Kerikeri’s Nika Van Der Merwe overcame serious health scares and now leads an award-winning pet food business.
Against the odds shares the stories of Northlanders whose lives were overturned by health-related bombshells, but who have continued to battle and thrive.
A Kerikeri woman who overcame a shock diagnosis of kidney failure at just 19 years old has told of the health battles that rocked her world – not once, but twice.
Nika Van der Merwe says she went into a deep depression “sort of slump” when she was diagnosed with end-stage renal failure.
“It was a terrible time in my life. But after the initial shock of it all passed, I changed my thinking, and thought, ‘This condition will live with me – I’m not living with it’.”
Van der Merwe’s parents had brought their 11-year-old daughter and her sister from South Africa to Auckland for a better life.
Her protective parents, both in the police and armed forces, wanted to remove their daughters from their small and violent farming town.
The youngster threw herself into Kiwi life, eventually meeting her former husband as a teen in Orewa.
The couple later moved in together, and Van der Merwe began a labour-hire business in the coastal town.
With the business taking off, they decided the time was right to start a family.
But the moment was bittersweet, as the doctor called her in, telling her she needed to bring a support person.
At 19 years old, a pregnant Van der Merwe was diagnosed with end-stage renal disease (ESRD) – kidney failure requiring dialysis or a transplant.
She was immediately rushed to hospital, her mum at her side, after a blood test revealed her kidneys only had 5 per cent of their normal level of function.
“I demanded they repeat the tests – I just didn’t believe them,” Van der Merwe said,
Medical experts advised her to terminate her pregnancy, as she faced a 60 per cent chance of mortality and a high chance of premature birth.
“The whole ‘ignorance is bliss’ is so true,” Van der Merwe said. “As a 19-year-old, I couldn’t grasp the severity of the situation.”
But she didn’t hold back.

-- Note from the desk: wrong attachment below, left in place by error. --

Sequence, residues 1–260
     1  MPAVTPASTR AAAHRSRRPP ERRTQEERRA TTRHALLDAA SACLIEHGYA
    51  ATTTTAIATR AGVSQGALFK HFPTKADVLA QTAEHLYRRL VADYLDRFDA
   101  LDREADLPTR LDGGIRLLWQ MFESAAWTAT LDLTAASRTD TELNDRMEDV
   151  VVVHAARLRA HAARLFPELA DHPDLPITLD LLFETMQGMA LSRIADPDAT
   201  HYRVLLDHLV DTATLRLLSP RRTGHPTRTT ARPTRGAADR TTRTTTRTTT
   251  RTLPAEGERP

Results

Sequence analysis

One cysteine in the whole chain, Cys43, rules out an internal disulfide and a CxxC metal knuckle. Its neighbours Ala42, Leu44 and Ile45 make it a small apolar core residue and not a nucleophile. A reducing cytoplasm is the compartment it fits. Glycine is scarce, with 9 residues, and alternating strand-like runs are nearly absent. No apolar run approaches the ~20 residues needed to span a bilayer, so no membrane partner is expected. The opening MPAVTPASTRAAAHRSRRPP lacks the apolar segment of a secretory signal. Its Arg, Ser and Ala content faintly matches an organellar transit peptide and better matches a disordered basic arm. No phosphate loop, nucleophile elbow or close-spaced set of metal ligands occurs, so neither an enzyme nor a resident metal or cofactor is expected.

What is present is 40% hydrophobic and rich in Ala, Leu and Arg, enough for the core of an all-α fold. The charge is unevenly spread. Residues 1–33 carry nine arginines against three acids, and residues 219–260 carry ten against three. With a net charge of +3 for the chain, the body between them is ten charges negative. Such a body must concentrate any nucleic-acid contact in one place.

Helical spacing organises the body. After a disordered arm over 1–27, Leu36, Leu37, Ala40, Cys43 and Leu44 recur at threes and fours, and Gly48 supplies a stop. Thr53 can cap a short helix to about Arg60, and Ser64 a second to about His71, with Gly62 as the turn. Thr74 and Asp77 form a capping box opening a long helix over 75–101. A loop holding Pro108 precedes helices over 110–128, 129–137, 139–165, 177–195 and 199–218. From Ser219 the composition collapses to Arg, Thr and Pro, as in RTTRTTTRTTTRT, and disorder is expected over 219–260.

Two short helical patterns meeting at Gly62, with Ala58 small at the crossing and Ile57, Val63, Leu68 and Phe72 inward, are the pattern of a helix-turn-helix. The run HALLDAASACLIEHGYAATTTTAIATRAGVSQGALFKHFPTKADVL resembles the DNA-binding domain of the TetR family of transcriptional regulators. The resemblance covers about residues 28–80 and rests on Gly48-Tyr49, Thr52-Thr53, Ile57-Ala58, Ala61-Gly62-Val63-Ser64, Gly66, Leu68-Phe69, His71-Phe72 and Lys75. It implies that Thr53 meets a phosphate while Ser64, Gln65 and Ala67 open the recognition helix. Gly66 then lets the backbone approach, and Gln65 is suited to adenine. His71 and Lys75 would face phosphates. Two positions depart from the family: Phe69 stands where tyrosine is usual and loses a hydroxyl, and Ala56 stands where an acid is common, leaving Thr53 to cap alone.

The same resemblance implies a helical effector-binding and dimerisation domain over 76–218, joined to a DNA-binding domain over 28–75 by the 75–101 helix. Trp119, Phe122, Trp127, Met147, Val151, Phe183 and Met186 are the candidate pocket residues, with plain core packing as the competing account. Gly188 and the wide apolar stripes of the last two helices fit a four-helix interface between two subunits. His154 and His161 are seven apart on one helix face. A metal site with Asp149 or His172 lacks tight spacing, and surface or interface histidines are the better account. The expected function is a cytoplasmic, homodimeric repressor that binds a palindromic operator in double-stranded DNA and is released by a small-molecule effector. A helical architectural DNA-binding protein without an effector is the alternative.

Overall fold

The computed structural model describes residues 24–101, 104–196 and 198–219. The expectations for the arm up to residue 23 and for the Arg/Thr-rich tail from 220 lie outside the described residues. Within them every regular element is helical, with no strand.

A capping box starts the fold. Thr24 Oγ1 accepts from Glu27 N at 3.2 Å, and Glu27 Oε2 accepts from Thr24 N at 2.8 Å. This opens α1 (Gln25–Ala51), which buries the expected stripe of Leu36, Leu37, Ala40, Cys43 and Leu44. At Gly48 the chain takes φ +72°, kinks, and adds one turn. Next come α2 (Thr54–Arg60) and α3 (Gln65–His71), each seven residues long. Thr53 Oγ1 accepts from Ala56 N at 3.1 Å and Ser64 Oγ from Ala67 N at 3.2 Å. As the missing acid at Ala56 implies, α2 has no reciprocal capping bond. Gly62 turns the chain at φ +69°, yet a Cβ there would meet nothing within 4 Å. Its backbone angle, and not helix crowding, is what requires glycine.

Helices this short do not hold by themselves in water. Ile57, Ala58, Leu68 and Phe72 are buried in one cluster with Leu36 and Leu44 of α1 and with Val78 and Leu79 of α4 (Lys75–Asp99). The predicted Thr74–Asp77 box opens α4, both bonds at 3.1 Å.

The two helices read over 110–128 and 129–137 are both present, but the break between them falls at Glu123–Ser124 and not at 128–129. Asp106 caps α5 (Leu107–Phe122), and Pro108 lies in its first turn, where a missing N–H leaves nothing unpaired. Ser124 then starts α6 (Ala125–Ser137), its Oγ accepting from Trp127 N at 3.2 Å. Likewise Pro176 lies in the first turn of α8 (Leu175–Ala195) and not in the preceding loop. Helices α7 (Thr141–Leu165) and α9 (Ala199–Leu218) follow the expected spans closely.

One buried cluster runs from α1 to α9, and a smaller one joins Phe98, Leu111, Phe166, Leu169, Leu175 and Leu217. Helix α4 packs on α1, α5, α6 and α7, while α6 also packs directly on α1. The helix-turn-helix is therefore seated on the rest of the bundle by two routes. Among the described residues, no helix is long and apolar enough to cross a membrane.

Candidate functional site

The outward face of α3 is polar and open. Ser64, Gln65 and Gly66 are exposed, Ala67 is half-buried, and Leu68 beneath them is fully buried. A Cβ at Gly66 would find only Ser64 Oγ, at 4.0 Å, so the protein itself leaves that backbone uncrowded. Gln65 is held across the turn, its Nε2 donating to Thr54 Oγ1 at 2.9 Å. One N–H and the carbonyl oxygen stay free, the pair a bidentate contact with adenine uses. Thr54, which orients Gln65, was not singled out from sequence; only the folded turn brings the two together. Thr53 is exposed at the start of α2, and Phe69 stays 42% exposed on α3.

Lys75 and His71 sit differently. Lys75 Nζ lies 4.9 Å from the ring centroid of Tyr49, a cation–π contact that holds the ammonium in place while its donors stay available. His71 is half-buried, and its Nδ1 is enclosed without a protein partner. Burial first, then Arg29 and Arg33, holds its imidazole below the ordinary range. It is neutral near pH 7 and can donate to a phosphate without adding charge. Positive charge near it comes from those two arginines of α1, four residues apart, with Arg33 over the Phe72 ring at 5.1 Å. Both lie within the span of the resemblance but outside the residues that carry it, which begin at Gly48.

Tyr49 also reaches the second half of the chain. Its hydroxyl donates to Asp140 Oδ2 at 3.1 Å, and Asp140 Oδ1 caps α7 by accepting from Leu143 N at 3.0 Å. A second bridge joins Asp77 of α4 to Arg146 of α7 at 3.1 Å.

Within the year, Van der Merwe and her boyfriend tied the knot, she studied health sciences, started a successful business, worked part-time, and underwent three months of peritoneal dialysis until her kidney transplant.
“This took incredible self-belief and support to get through at the age of 19,” Van der Merwe said.
Her saving grace, she said, was a lifetime of staying fit and healthy.
Her youth had been spent as a talented swimmer – training twice a day, six days a week as she competed for the Coast Swim Club in Stanmore Bay and at the national championships and Junior Olympics.
She later hung up her swimming cap and successfully tried her hand at dance and athletics.
Two to three months passed before Van der Merwe was fully functional again after her transplant.
But it was “onwards and upwards”, she said.
In 2013 she gave birth to her first child, a daughter, and a year later her son was born.
Her marriage bore a psychological and emotional toll, so Van der Merwe divorced her husband and, with her children, followed her parents to the Far North.
As Van der Merwe rediscovered happiness a year later with her “soulmate” Glen Scott, whom she had met after the move, her health threw her a curveball.
Even though her kidney was fine, she was really sick and losing weight.
“Doctors didn’t know why. I was a mystery,” Van der Merwe said.
She was in and out of hospital to undergo scans, tests – “everything”, she said – in a bid to find out what was wrong.
Finally, following an MRI, a doctor diagnosed her with Crohn’s disease – not a complete shock, as her mother also had the condition.
The disease causes the tissues in a person’s digestive tract to swell, resulting in abdominal pain, severe diarrhea, fatigue, weight loss and malnutrition.
For a second time, Van der Merwe rallied herself.
The hard work she put into her recovery has her back doing strength training and horse riding, playing netball and taking part in pole fitness classes – the list goes on.
“I am still running a business, working full-time, renovating a home and managing four kids, as well as physically doing incredibly well,” Van der Merwe said.
“My health is the best it’s been.”
Van der Merwe said going through those experiences – which included five major surgeries – has made her a more resilient person.
“If it wasn’t for my attitude and positive outlook, that everything happens for a reason, then I wouldn’t be where I am today.”
Her mantra: “The only way is through.”